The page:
However, up to this point, much of this work has focussed on practices in the domestic sphere. This has led some commentators to argue that this analytical approach is only able to account for the 'micro' or the minutiae of daily activity and not more 'macro' phenomena, such as social institutions. Drawing on detailed empirical work of working and mobility practices at two large hospitals, I provide a first study of the institutional rhythms and practices that make up hospital life. This work demonstrates that the spatio-temporal relations that organise activity within the hospital are multiple and that they exist across different scales. As such, I argue that any account that seeks to shift patterns of unsustainable consumption, needs to engage with the socio-temporal organisation of everyday life at different scales, from the home, to the institution and beyond.

Insurmountable Boundaries? Conceptualizing the Interplay of Different Actors in Local Low Carbon

Transitions as Inter-System Boundary Work

Koehrsen, J. O.

(University of Basel)

Cities and towns are hotbeds of low carbon transitions (Bulkeley and Kern 2006; Hodson and Marvin 2010; Hodson and Marvin 2012; Maassen 2012; McCauley and Stephens 2012; Schönberger 2013; Späth and Rohracher 2012). As the transition processes span different social spheres (politics, science, economy etc.), they involve a substantial variety of activities and actors – such as policy makers, scientists, entrepreneurs, intermediaries, public administrators, and consumers (Geels, Hekkert and Jacobsson 2008) – and create high demands on the interaction and coordination between them. Difficulties in collaboration arise from the fact that the actors involved are related to social spheres (=social systems) that differ in their overall objectives, incorporate unlike values, interpret their environment in a dissimilar manner, communicate in distinct professional jargons, and organize their activities along different structures (Clark et al. 2011; McGreavy et al. 2013): in the end, the boundaries between the social systems risk deterring the required collaboration. The paper posits that in order to tackle the challenges of inter-system interaction, different forms of boundary arrangements (e.g. boundary objects, boundary concepts, boundary settings, boundary spanners, and boundary organizations) evolve in the course of local low carbon transitions, facilitating communication across system boundaries while simultaneously maintaining the boundaries. The approach is illustrated with by empirically exploring the boundary arrangements that have evolved in the German cities of Bottrop and Emden during the transition processes.

Families and Relationships 1

G11 B

YNG

K

ENDRICK

, M

AIN

B

UILDING

Islamic Parenting Models: An Analysis of Parenting Guidebooks

Fathi, M.

(Bournemouth University)

Gaining knowledge about how to parent has become popular among Muslim communities in Britain in recent years.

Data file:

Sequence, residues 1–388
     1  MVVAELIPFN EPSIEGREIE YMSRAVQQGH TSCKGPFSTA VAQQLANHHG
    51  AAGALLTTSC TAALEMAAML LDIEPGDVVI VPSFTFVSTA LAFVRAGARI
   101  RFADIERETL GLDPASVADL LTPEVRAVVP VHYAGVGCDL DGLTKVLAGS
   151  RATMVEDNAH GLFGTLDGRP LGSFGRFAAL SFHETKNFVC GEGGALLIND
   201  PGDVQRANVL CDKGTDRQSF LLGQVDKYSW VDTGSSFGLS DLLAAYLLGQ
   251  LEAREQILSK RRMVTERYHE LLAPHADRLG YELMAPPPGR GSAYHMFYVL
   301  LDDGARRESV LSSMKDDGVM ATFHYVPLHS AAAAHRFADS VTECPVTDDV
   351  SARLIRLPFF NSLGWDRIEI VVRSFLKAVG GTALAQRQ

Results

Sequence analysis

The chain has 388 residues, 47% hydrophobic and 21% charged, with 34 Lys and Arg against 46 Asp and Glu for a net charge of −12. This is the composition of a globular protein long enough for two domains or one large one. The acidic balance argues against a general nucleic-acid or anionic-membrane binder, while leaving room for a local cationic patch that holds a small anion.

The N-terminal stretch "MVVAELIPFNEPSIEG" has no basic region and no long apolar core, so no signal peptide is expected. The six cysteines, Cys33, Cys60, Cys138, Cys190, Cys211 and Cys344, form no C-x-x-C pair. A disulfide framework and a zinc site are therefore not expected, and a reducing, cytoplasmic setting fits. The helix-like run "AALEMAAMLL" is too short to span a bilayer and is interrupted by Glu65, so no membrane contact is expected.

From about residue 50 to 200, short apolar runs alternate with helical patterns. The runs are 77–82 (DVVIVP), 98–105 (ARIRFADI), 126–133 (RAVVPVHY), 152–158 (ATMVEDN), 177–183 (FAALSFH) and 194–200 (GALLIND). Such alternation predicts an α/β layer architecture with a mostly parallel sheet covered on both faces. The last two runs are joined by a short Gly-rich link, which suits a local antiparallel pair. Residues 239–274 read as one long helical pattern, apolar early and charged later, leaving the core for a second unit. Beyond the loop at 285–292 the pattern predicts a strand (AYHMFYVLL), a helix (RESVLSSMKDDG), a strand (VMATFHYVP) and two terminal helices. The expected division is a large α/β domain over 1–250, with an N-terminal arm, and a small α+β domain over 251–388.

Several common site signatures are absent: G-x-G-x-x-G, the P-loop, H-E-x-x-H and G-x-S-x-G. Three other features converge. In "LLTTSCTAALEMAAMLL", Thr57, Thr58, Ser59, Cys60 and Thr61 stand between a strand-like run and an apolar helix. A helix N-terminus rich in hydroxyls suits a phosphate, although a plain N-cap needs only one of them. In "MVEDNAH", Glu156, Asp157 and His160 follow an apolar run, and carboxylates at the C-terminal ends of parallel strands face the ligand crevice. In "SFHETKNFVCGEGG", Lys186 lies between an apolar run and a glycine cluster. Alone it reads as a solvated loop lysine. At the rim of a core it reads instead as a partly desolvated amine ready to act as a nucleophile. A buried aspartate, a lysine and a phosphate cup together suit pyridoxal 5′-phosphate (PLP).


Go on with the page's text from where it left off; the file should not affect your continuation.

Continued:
This paper is based on content and discourse analysis of 32 Islamic parenting guidebooks published in English.

Muslim parents from both within and outside communities are seen as in need of an expert figure or expert knowledge to guide them through their everyday life. Taking into account the parenting culture discussions around parents' perceived lack of knowledge of raising their children, this paper characterises four models of parenting styles promoted in these books: ideal parenting, community parenting, sceptical parenting and fluid parenting. These models are devised on the basis of the advice given to parents in relation to the communities they live in, level of engagement, degree of religiosity, authoritarian practices and the community's relationship with the non-Muslim individuals to name a few. The paper concludes with three points: An underlying assumption for all these books is that Muslim communities are struggling to keep the balance between living in the west and keeping the ties of the community.

BSA Annual Conference 2016

Aston University, Birmingham

150

Thursday 7 April 2016, 13:30 - 15:00

P

APER

S

ESSION

5

Fluid parenting which is a mixture of child psychology with light touch of Quranic texts (different to other models) is gaining momentum among all other models. Fluid parenting, used by younger parents is an instrumental way of keeping Muslim communities together although it is the least religious model of parenting.

Grandparents-Grandchildren Everyday Intimate Practices in Scotland: Making Sense of Doing and Being

Emotionally Close and Intimate

Ribe, E.

(University of Edinburgh)

Significant and far-reaching demographic and social trends have contributed to transforming family structures over the last century. Three and even four generations of the same family are more likely to share a larger proportion of their lives together. Amid these changes, there is growing evidence on the involvement of grandparents in family life, particularly providing aid and support through material and non-material transfers to children and grandchildren.

Concurrently, normative expectations of family life and pervasive discourses of emotional reciprocity are moulding an idealisation of patterned grandparent-grandchildren relationships by which affection and support are structuring principles of these relationships. However, grandparents' experiences and relationships with their grandchildren are far from homogenous and are often embedded in complex relational and emotional processes shaped by life course events in the individual and family time. Despite the emergence of studies on intimate life, grandparent-grandchild experiences and practices of intimacy are little explored, particularly in relation to the differences in these practices between grandparents in the same family. This research draws on quantitative research of the Growing Up in